2

I am running a SQL query on SQL Server inside of my WPF C# application. The query returns a string which contains the value called MYCOUNT that I want to return to GetNumber. How do I return the value MYCOUNT only to get number and not the entire string?

public string GetNumber(string SkillNumber)       
{
    DateTime dte = DateTime.Today;
    string fixedStartDate = String.Format("{0:yyyy-MM-dd " + "05:00:00.000" + "}", dte);
    string fixedEndDate = String.Format("{0:yyyy-MM-dd " + "05:00:00.000" + "}", dte.AddDays(1));

    using (IDbConnection connection = new System.Data.SqlClient.SqlConnection(SQLHelper.CnnCal("OADB")))
    {
        var x = connection.Query($"SELECT COUNT(SOURCEID) AS 'MYCOUNT' "
                         + "FROM [OADB].[oadb].[CmsCallHistory] "
                         + "WHERE disposition = 2 and DISPSPLIT in (" + SkillNumber + ") AND SEGSTOP BETWEEN '" +
                         fixedStartDate + "' and '" + fixedEndDate + "'");

        return x.ToString();
    }
}

This is what returns. I only need to return the value:

enter image description here

5
  • Can you show exactly what you are getting. – Snympi May 16 '17 at 20:00
  • What kind of ORM are you using? It seems Dapper but something is not quite right. – Steve May 16 '17 at 20:02
  • dapper. I added a screen shot. sorry for initial lack of detail – mrcavanaugh09 May 16 '17 at 20:03
  • 1
    I think you need just var x = connection.ExecuteScalar<int>(.....); By the way, if the return is an integer I don't understand why you transform it in a string and, of course, the usual warning about Sql Injection (parameters, parameters, always parameters) – Steve May 16 '17 at 20:07
  • That resolved it the way i was looking for. I must have missed the documentation as I've never used ExecuteScaler before. I'm still new to pulling data from SQL query's. Thanks! – mrcavanaugh09 May 16 '17 at 20:16
2

You get an error because the Dapper Query method returns an IEnumerable, not a single value (indeed you can see that you have one object (an int) in the IEnumerable returned and this object has the value '767')

In Dapper you can use ExecuteScalar to get a single scalar value as your query returns

var x = connection.ExecuteScalar<int>(.....)

You can also still use the Query method but with a Linq twist

var x = connection.Query(.....).Single();

The usual warning about Sql Injection applies to your code albeit parameterize an IN clause is not so simple. And the two dates should be definitively parameters to avoid parsing incompatibilities between what you consider to be a date and what instead the sql server and its locale thinks about transforming a string to a datetime.

2

Your answer is in the msdn documentation: https://msdn.microsoft.com/en-us/library/system.data.idbconnection(v=vs.110).aspx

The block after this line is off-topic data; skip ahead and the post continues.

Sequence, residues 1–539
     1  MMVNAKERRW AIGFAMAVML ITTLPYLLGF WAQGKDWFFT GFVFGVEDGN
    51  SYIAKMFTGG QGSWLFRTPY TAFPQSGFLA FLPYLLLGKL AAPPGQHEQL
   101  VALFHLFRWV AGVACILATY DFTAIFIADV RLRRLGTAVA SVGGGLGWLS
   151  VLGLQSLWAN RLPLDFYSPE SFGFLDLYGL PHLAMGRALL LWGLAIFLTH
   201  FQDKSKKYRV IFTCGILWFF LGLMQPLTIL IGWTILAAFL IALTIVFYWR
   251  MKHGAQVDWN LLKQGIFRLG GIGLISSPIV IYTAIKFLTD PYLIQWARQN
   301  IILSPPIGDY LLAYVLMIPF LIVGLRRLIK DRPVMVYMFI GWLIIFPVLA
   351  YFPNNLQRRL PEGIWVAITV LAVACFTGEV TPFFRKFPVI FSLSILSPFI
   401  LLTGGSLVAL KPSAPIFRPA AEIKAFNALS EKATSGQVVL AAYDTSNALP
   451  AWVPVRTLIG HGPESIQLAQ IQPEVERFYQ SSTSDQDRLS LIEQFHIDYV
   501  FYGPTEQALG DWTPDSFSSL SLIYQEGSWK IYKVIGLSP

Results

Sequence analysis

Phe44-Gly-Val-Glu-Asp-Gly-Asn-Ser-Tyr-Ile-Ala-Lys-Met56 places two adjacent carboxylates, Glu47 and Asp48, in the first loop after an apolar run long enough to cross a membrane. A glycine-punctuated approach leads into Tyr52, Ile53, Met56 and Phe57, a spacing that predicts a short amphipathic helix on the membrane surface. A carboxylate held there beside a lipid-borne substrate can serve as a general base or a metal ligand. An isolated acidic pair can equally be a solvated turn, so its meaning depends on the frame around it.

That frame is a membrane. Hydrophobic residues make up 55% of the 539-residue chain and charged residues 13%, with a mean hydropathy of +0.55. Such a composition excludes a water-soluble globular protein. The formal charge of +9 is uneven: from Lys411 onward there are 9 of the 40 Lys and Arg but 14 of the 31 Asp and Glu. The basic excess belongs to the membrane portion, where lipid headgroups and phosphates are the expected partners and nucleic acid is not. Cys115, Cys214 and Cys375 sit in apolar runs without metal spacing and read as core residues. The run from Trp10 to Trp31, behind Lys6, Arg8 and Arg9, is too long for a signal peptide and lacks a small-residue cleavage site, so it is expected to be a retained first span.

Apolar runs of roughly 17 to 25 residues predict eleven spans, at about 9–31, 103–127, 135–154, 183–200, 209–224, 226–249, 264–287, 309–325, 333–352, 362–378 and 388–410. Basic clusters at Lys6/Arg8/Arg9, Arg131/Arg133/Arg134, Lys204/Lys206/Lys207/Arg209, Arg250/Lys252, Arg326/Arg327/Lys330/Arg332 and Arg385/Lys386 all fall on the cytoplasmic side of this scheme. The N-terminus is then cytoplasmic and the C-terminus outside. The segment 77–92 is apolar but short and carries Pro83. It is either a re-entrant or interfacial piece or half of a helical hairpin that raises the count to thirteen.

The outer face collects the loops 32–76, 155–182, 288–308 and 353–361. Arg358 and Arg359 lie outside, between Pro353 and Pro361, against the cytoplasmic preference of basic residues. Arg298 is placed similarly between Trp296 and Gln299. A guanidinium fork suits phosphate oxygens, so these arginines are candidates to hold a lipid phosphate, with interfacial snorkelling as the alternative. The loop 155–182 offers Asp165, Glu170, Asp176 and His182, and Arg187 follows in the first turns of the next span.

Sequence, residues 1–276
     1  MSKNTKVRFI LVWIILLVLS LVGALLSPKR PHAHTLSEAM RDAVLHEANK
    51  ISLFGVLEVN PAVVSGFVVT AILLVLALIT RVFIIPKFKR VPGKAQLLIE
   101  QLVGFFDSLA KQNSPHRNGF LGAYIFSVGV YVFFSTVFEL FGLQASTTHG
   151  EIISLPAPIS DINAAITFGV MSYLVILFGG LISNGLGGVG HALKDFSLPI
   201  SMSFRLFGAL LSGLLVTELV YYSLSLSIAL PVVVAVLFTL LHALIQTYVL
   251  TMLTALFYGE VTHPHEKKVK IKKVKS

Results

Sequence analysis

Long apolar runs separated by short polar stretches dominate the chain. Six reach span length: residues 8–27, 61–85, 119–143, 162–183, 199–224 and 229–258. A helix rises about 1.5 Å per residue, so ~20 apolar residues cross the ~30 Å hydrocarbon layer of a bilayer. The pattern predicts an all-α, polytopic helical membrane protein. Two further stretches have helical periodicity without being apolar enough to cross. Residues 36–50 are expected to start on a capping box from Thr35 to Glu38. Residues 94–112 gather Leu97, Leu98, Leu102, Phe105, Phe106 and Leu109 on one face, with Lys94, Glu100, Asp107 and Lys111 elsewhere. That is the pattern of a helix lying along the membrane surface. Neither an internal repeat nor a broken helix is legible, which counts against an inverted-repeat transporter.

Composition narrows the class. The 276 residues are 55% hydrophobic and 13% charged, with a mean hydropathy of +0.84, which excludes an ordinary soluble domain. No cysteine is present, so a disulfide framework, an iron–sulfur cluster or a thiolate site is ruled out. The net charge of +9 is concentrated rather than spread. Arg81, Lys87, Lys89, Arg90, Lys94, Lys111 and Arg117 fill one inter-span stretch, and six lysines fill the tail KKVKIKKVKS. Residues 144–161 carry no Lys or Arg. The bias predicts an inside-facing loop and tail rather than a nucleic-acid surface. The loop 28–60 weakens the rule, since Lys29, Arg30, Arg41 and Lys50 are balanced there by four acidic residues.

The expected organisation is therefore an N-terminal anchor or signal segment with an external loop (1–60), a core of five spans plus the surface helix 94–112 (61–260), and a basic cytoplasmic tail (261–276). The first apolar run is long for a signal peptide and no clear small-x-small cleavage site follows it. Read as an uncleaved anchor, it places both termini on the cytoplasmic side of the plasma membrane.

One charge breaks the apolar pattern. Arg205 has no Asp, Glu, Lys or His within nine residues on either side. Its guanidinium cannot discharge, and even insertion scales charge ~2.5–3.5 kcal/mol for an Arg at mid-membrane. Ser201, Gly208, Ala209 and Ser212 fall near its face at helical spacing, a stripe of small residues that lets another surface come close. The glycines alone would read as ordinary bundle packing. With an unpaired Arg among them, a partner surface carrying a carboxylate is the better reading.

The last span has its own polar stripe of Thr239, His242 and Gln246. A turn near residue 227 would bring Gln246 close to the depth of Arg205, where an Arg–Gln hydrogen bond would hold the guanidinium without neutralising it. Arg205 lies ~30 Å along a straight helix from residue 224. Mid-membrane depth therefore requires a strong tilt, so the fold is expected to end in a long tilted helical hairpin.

You can try using

using (IDbConnection connection = new System.Data.SqlClient.SqlConnection(SQLHelper.CnnCal("OADB")))
{
    IDbCommand command = connection.createCommand();
    command.CommandText = $"SELECT COUNT(SOURCEID) AS 'MYCOUNT' "
                     + "FROM [OADB].[oadb].[CmsCallHistory] "
                     + "WHERE disposition = 2 and DISPSPLIT in (" + SkillNumber + ") AND SEGSTOP BETWEEN '" +
                     fixedStartDate + "' and '" + fixedEndDate + "'";
    return (string)command.ExecuteScalar();
}

Another note: You want to try and close the connection once you are done. I recommend putting this in a try/catch/finally statement so you can close your connection in the 'finally' section.

Hope this helps!

6
  • 1
    Doesn't the connection close at the end of the using statement? The Entire thing would be garbage collected at that point i thought. – mrcavanaugh09 May 16 '17 at 20:06
  • And this is vanilla ADO.NET, it is not Dapper. – Steve May 16 '17 at 20:07
  • @mrcavanaugh09 Perhaps it would be. I like to live by the philosophy of leaving the connections the way they came. If the connection was opened by the time you run this code, then you can let whoever gave you the open connection to close it themselves. If this method was the one to open the connection, then it should be the one to close it (just to be on the safe side). – Matthew S May 16 '17 at 20:10
  • 1
    Thanks for the information. as mentioned above this is not utilizing dapper. It did work but required me to add code to open and close the connection where using what @Steve put above in the comment on the question didn't. two less lines of code. still interesting. – mrcavanaugh09 May 16 '17 at 20:14
  • Glad I could help! I will look into Dapper and see what that's all about. – Matthew S May 16 '17 at 20:17

Your Answer

By clicking “Post Your Answer”, you agree to our terms of service, privacy policy and cookie policy

Not the answer you're looking for? Browse other questions tagged or ask your own question.